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Choose optimal feed conditioning strategies for gas processing

D. B. ENGEL and M. H. SHEILAN, Sulphur Experts, Kemah, Texas

Contamination ingression into gas processing units is one of the most prevalent modes negatively affecting plant operations. To enable plants to run with minimal instabilities, increased capacity and high reliability, it is necessary to condition the feed gas prior to processing by removing unwanted contaminants.

Feed conditioning strategies

Feed conditioning can be achieved using a number of strategies combining mechanical, physical and chemical options. From a mechanical perspective, inlet coalescer systems are key gas conditioning devices in gas processing. They are the last lines of defense against contamination and its associated downstream effects. These systems are considered enabling technologies to allow plants to run near capacity, with low operational costs.

Among the most important functions of inlet separators are the protection of amine plants, molecular sieve beds, compressor inlets and outlets, glycol plants, carbon beds and burners. Fundamental differences exist among the various feed conditioning strategies, systems and devices in terms of their applicability, operability and performance. These directly impact efficiency and effectiveness of contaminant removal—in particular, the difficult-to-separate sub-micron liquids in the form of stable aerosols commonly found in gas streams.

As feed conditioning arrangements are evaluated and inlet separation devices are improved, several different strategies have been successfully identified for ensuring that the feed gas meets processing parameters. These strategies can range from carefully considering feed contaminants, process conditions and variations, to determining correct vessel design and internals. The effects of poor gas feed conditioning can have profound impacts in almost every gas processing operation, such as financial losses associated with low efficiency, extended downtimes, unscheduled maintenance, solvent losses, solvent contamination and degradation, bed deactivation and equipment failures.

Options are available to virtually eliminate feed gas problems that can plague day-to-day or long-term plant operations; several of these options are discussed here.

Gas processing and contamination control

Inlet gas separation upstream of processing units is far more common for gas streams than it is for liquid streams because of its prevalent and diversified contamination profiles. Similarly, inlet separation is far more common in gas processing operations than it is in refinery activities.

Inlet gas separation is usually conducted through the use of a knockout drum equipped with a demister section, using a mesh pad or a vane pack. Some plants use horizontal filter-separators with a vane, or cyclonic elements or stages. All of these systems are not entirely adequate for effective inlet contaminant removal from sour gas feeds. These systems are typically designed for bulk liquids removal and large aerosol droplet sizes. In addition, none of these devices is really designed for solids separation (usually done by a wet scrubber or a particle filter).

With the exception of cyclonic systems and some filter separators that can remove certain solid particles and some liquid-like solids, most contaminants enter the gas processing units untouched. Only a small number of plants have the necessary means to adequately condition sour gas for processing because of the diverse nature of its contaminants. The most difficult and challenging contaminants in any gas stream are small aerosols. These are finely divided liquid particles with diameters ranging from a few hundred microns to less than 0.1 micron.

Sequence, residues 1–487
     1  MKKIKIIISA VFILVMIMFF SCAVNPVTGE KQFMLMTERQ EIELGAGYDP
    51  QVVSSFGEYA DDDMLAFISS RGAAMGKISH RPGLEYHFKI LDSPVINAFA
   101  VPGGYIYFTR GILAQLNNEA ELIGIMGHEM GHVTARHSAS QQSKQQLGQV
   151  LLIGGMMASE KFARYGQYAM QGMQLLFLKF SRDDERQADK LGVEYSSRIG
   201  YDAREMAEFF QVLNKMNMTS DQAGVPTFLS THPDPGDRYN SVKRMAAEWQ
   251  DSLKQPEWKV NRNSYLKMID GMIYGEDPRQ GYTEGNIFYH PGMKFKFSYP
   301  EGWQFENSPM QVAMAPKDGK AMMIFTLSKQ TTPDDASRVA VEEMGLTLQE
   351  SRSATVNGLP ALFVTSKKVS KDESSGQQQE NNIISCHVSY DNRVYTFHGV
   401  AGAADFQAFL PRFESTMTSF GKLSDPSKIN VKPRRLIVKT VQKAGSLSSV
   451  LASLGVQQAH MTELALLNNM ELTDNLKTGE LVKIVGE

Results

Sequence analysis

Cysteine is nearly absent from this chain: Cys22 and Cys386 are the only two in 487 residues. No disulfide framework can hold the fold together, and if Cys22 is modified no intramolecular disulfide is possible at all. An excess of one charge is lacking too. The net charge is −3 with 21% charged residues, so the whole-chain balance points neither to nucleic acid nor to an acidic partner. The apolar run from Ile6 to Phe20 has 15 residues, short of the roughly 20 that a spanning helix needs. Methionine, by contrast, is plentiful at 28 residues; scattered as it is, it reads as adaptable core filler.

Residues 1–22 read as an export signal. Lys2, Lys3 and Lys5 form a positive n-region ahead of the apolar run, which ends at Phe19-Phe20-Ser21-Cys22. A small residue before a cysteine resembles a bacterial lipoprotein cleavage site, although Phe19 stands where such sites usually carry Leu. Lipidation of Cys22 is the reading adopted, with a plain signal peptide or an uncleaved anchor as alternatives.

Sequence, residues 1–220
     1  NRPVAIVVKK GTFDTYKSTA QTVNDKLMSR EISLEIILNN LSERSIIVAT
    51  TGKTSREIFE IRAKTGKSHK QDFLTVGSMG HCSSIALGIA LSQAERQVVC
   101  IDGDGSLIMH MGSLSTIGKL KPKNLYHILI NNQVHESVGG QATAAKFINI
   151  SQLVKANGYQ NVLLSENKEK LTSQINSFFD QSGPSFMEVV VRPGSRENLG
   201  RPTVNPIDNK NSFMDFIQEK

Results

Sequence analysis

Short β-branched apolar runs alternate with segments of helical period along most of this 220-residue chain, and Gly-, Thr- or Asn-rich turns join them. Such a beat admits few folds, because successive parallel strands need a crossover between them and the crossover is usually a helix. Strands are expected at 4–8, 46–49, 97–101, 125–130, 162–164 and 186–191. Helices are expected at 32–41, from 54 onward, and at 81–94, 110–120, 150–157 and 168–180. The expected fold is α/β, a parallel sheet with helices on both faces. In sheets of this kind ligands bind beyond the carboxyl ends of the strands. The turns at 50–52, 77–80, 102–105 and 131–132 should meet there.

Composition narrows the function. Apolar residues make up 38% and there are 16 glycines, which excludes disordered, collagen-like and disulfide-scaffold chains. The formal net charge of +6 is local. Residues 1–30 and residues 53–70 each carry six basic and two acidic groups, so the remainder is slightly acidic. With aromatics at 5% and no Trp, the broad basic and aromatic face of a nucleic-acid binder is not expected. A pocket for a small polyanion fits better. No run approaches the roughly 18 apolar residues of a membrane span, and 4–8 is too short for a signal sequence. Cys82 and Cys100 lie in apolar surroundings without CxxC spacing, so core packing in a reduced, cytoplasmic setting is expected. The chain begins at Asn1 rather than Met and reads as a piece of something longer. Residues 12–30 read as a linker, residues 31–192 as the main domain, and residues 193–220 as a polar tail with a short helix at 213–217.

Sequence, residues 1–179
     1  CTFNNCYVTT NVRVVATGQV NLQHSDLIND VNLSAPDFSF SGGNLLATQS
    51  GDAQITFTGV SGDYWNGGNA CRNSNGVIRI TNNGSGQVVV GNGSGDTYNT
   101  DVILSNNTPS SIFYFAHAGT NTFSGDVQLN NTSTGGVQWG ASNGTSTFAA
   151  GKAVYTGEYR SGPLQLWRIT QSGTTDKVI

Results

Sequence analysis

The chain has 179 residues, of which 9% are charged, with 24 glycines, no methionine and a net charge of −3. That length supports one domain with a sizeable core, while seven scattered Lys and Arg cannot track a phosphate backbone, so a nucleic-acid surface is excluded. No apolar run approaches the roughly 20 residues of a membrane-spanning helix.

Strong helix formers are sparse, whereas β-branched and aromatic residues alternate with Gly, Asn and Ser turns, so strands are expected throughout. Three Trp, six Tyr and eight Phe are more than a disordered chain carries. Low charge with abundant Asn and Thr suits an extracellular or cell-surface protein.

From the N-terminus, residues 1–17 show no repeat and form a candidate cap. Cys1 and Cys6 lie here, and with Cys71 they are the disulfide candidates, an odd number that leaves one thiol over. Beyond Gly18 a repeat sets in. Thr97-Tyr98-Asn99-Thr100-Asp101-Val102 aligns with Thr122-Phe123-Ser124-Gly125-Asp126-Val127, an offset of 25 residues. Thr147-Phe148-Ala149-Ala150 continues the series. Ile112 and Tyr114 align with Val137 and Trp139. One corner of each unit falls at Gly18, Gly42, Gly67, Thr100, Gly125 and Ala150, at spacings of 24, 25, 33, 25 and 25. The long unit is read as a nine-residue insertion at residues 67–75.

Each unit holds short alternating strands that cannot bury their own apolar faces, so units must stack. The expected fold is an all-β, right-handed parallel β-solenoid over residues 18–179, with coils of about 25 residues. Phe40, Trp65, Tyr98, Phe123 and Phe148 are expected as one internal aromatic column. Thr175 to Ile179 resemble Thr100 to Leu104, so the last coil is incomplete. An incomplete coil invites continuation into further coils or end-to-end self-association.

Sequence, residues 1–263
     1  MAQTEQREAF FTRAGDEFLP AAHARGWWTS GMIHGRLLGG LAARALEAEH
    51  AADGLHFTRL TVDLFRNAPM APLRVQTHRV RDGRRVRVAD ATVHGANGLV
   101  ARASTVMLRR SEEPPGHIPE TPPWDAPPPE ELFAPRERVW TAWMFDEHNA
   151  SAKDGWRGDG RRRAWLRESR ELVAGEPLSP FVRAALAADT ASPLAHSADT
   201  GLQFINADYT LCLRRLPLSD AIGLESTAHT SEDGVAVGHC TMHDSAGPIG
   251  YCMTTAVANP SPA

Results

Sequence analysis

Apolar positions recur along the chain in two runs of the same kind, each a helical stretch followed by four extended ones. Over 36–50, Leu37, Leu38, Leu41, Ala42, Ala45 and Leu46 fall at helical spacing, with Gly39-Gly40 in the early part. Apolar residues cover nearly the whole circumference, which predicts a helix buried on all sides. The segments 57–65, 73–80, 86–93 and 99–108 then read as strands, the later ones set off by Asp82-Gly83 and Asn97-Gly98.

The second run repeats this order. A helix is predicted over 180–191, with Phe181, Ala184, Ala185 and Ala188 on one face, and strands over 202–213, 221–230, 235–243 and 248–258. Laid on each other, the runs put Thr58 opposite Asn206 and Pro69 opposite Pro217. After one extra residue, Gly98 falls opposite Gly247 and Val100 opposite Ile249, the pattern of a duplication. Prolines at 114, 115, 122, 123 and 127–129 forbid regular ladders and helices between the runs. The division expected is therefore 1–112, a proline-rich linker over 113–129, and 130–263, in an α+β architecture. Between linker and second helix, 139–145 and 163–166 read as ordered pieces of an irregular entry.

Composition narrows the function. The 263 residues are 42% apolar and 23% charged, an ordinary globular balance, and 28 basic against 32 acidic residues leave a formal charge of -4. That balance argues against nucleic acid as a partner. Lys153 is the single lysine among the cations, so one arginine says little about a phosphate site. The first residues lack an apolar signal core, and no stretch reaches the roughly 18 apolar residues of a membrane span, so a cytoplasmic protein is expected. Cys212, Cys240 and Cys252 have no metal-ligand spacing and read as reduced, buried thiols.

The basic reason for this inefficiency is directly related to the aerosol droplet size distribution and the flow pattern geometry inside the separator vessel. In other words, the separation media is not capable of separating small liquid droplets. Most aerosols travel intact across the vessel without being separated from the main gas stream.

The vessel design is also fundamental. In some instances, the separation media could be appropriate; however, if the liquids removal from the vessel or the internal flow pattern is deficient, then the vessel will experience a considerable decrease in efficiency. Additionally, some defective vessel designs may actually shatter and disperse liquids, manifested as much smaller droplet sizes in the gas stream, adding difficulty to the separation process.

The aerosol contaminant distribution in a gas stream is primarily in the sub-micron range. Larger droplets tend to not be as persistent in the gas stream since the larger droplets are more likely to gravitationally separate. Larger droplets are also more likely to shatter as a result of the shear forces applied to the droplet surface. When large droplets shatter, they create progressively smaller droplets until the distribution is stabilized by the balance between surface energy, gravitational settling and shear forces. The distribution of a persistent aerosol in a gas stream can be as much as 50% by weight smaller than 1 micron, and nearly 80% by weight smaller than 10 microns (Fig. 1).

Engel Fig 01

Fig. 1. Typical liquid aerosol size distribution at the outlet of a compressed gas stream. 

Devices (Fig. 2), such as demisters equipped with vane packs, mesh pads, low-performance coalescers and cyclones, are relatively ineffective at capturing the most penetrating aerosols (0.1 micron to 1 micron). In some instances, these devices are also unable to properly separate the aerosols that they capture because of the lack of coalescing power, or due to flooding of the element. Mesh pads do not have the fiber size or density to interact with small aerosols. Vane packs are ineffective since they form an interface layer at certain points, and small aerosols cannot effectively contact the metal surface.